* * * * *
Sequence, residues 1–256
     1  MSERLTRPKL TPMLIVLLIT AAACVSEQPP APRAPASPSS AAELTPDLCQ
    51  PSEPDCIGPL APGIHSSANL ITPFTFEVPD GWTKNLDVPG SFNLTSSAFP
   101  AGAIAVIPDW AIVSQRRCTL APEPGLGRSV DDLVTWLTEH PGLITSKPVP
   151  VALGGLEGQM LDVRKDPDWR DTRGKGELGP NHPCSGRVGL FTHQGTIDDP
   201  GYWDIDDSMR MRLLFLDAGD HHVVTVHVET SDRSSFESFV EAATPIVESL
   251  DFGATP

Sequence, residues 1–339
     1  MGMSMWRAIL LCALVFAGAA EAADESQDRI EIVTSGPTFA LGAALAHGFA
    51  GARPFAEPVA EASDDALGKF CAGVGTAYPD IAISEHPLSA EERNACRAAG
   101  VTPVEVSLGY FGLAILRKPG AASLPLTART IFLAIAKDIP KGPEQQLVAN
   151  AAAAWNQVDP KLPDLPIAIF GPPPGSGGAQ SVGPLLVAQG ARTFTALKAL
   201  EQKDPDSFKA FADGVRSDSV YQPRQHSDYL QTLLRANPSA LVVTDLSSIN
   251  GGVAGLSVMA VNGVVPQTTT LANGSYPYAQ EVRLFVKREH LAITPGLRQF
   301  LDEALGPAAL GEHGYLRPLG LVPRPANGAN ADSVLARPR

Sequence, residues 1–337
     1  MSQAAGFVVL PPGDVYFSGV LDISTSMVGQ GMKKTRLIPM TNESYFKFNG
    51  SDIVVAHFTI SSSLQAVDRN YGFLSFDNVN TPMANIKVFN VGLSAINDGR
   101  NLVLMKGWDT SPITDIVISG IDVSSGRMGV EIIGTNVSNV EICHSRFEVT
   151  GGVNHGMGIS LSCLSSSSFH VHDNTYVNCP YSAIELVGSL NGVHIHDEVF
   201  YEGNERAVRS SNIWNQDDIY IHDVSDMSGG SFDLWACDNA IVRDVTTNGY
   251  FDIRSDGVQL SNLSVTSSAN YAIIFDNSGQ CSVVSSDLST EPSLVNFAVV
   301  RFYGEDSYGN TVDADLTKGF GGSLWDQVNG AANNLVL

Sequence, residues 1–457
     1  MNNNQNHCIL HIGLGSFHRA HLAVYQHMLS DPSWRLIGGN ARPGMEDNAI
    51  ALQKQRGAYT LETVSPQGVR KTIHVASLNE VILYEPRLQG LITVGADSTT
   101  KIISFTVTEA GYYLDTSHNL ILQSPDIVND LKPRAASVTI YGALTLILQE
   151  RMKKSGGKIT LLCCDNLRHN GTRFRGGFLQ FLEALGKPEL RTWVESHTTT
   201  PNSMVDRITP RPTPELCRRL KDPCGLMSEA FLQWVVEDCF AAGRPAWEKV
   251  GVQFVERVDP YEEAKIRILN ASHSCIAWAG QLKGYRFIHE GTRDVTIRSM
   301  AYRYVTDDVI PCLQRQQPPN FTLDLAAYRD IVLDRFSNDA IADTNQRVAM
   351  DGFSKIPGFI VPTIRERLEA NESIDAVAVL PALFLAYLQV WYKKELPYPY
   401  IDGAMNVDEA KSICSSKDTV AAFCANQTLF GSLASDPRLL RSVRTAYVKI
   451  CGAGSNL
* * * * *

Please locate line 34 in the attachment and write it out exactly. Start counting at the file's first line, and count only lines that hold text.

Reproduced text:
   451  CGAGSNL